There is a man running around Cambridge's East Coast Grill wearing dreadlocks made of red plastic chile peppers. He's dancing, whistling, and hugging people. They hug him back. Outside in the cold, two young women peer in the windows and shiver.
"That's him!" one yells. "It's Doctor Pepper! He's the mascot! He's a legend!"
"Stand back!" someone hollers from inside. "People need to get out. Please move away from the doors. People need to leave!"
A throng sways snakelike to the right, allowing a wild-haired man with a cane and parachute pants to pass into the frigid night air.
"Amazing!" he cries. His face — twisted in disbelief and glee, years of history in those wrinkles — is illuminated by the restaurant's neon signage. "Just amazing!"
Is this a revival meeting? A rally? Similar fervor, but nope. This is a last chance for loyal patrons to pay homage to Hell Night — a recurring, reservations-only meal featuring East Coast Grill's most blistering dishes, known to reduce many to tears of pleasure and pain. The 30-year-old landmark closed Jan. 23.
The barbecue restaurant electrified Boston's dining scene under former chef Chris Schlesinger when it opened in 1985, injecting a splash of smoke and heat into an era of heavy sauces and tall salads. Some restaurants had white tablecloths and leather wine lists; East Coast Grill had neon lights, fish mounted on the walls, and plastic mermaids dangling from cocktail glasses. Special menus on appointed Hell Nights pushed the envelope even further and gave chefs a chance to experiment with other spicy cuisines — Thai, Indian, Caribbean.
And so a cultish curiosity was born. Hell Night became a rite of passage, like your first trip to Newbury Comics as a teenager. Did you get in? You ate what? Was your stomach ever the same? The fiery faithful became known as Chile-Heads. The motto, spelled out on the bottom of the menu: "No wimps. Absolutely no substitutions."
On this night, current chef-owner Jason Heard is re-creating the scene one more time, reviving the spiciest dishes from the past decades, like Pasta From Hell and Scorpion Chile-Artichoke Dip. He has called the event "One Last Night in Hell."
Let's be honest: There is a gimmicky masochism to eating a chili dog named Massive Ass of Destruction. But nostalgia is an equalizer. Heard tells me that there were 300 reservations, with 120 more people on standby. Dozens more hover at the door.
"This is like the death of a friend," says Newbury's Kevin Barlow, whose dining companion fans her tongue.
Across the way, Hyde Park's John Towle beams with pleasure as he picks apart a Hell Bone.
"This is what East Coast Grill does best. Unbelievable flavor. Hot as hell." He blushes and composes himself. "I'm what you might call a Schlesinger groupie. I have the cookbooks. I've been to about 10 of these things," he says.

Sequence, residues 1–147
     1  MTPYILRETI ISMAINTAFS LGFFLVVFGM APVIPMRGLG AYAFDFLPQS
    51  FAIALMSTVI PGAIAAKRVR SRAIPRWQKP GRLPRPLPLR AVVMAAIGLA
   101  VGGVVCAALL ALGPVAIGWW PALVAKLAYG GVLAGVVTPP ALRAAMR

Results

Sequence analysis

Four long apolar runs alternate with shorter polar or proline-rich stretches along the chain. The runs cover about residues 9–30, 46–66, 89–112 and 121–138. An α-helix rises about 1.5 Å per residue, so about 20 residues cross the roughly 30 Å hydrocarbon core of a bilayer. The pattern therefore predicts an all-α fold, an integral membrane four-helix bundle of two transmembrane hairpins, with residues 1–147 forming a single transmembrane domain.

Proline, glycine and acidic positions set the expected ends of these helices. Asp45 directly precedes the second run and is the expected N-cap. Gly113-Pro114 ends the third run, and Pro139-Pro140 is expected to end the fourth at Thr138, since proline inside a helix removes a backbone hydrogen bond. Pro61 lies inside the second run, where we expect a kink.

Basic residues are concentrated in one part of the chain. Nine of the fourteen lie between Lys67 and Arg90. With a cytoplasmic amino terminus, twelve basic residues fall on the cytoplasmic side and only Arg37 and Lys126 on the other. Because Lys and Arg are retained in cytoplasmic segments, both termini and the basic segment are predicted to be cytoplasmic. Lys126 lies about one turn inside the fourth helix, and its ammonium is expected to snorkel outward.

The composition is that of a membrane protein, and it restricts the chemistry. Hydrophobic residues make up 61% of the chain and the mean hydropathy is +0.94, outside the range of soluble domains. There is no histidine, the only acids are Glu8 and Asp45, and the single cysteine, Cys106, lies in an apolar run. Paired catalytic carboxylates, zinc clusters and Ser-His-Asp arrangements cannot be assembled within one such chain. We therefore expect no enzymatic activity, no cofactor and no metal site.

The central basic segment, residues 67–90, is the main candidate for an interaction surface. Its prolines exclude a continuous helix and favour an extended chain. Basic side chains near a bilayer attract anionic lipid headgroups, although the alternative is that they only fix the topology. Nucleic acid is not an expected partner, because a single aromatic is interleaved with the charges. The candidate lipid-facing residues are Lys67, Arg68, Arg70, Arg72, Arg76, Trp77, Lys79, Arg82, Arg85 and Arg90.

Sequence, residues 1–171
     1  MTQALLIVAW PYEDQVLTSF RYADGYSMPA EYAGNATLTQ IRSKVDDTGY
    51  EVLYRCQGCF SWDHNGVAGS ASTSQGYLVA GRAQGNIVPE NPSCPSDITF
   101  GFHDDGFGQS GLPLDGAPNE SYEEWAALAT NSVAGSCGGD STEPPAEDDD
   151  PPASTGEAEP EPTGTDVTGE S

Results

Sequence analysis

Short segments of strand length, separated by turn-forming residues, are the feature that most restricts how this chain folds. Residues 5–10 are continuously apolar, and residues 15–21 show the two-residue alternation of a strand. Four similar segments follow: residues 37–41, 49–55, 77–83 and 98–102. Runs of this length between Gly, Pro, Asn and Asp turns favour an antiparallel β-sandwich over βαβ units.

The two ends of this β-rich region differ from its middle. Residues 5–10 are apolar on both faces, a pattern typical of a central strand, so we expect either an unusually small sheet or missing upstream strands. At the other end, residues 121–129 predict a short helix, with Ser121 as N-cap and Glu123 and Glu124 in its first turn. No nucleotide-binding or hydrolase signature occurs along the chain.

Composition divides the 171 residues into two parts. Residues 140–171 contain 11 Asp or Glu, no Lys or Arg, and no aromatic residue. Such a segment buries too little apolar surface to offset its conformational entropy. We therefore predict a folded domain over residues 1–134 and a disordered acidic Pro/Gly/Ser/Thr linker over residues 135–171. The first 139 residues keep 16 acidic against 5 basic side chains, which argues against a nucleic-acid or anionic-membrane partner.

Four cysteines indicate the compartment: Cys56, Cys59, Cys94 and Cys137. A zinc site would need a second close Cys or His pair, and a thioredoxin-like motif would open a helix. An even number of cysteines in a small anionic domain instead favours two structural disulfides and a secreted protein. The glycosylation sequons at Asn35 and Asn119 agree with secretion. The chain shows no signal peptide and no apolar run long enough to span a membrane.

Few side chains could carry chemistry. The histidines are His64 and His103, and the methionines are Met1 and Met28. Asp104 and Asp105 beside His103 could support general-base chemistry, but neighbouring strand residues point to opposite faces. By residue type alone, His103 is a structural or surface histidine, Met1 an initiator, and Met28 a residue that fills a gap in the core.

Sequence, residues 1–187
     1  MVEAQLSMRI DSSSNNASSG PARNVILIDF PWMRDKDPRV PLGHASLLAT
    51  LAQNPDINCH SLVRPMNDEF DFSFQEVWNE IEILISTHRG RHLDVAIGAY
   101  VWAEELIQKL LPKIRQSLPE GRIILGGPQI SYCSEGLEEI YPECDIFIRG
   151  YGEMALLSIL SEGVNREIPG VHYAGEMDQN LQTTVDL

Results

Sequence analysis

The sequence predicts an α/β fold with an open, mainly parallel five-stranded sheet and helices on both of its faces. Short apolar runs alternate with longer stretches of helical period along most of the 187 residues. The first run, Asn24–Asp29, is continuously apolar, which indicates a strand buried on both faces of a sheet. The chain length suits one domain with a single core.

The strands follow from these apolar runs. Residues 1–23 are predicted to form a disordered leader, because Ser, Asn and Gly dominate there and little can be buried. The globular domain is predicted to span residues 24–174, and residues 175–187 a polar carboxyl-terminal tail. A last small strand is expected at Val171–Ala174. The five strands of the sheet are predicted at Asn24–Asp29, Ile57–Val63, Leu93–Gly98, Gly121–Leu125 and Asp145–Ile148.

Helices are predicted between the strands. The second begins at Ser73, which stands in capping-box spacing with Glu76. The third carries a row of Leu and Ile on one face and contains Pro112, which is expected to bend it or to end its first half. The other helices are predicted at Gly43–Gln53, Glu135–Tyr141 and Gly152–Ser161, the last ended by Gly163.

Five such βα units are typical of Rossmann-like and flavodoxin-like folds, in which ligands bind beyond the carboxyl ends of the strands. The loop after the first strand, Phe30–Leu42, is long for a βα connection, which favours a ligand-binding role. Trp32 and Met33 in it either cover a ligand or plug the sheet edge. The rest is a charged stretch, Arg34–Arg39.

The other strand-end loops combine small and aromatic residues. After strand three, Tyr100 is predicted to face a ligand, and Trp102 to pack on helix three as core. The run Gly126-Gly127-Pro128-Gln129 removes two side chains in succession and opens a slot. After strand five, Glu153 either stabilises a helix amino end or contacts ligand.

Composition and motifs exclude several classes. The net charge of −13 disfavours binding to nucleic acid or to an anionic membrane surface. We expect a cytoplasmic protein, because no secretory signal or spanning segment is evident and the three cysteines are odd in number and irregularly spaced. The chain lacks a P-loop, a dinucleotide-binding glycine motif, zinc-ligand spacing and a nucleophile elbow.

A lone diner hunkers in a corner of the dining room with a spread of dips and dogs. He has waited 45 minutes to get inside. Doctor Pepper — he of the dreadlocks and warm embraces — saunters over to make pals. By day, he's George Greenidge from Mission Hill, and he's going to feel lost without his hangout.
"I don't know who's going to buy this place," he says. "But look! Look at all these people who love it!"
He's right. An older man sits next to a young guy with a baby in his coat, both elbow deep in wings. This might be the last egalitarian place to eat in Cambridge, a neon time capsule and one more restaurant — Chez Henri, UpStairs on the Square, Rendezvous — lost to memory. Except for a $33 raw bar platter, nothing tonight costs more than $20.
A table of 20-somethings who probably weren't born during the first Hell Night drink beer next to Tim Dineen, who says he assists Doctor Pepper with his costumes. He stands off to the side as waiters brush past, tugging at his Hell Night T-shirt.
"I've been coming here since Jake & Earl's," Dineen says, referring to Schlesinger's barbecue spot next door that was eventually taken over by this one. "I walk from Somerville. This closing hit me like a ton of bricks."
But for now, the heat is on. Chef Heard hollers orders at the pass like an angry preacher even though the end is near. The bar is five deep with men in sweater vests standing next to guys with big black earrings. Occasionally a generous customer buys a six-pack for the kitchen, and everyone erupts in cheers. Even devils need to drink.
Outside, an EMS worker waits at the door.
"Are you here to drag someone out?" an onlooker asks.
"I have before. But tonight I'm just here to see a buddy," he says, and then ambles down the sidewalk.
Another gaggle of diners spills onto the street.
"Thanks so much for taking me," a woman says to her friend. "This was on my bucket list."
She wipes away tears. Must be the heat.
Kara Baskin can be reached at email@example.com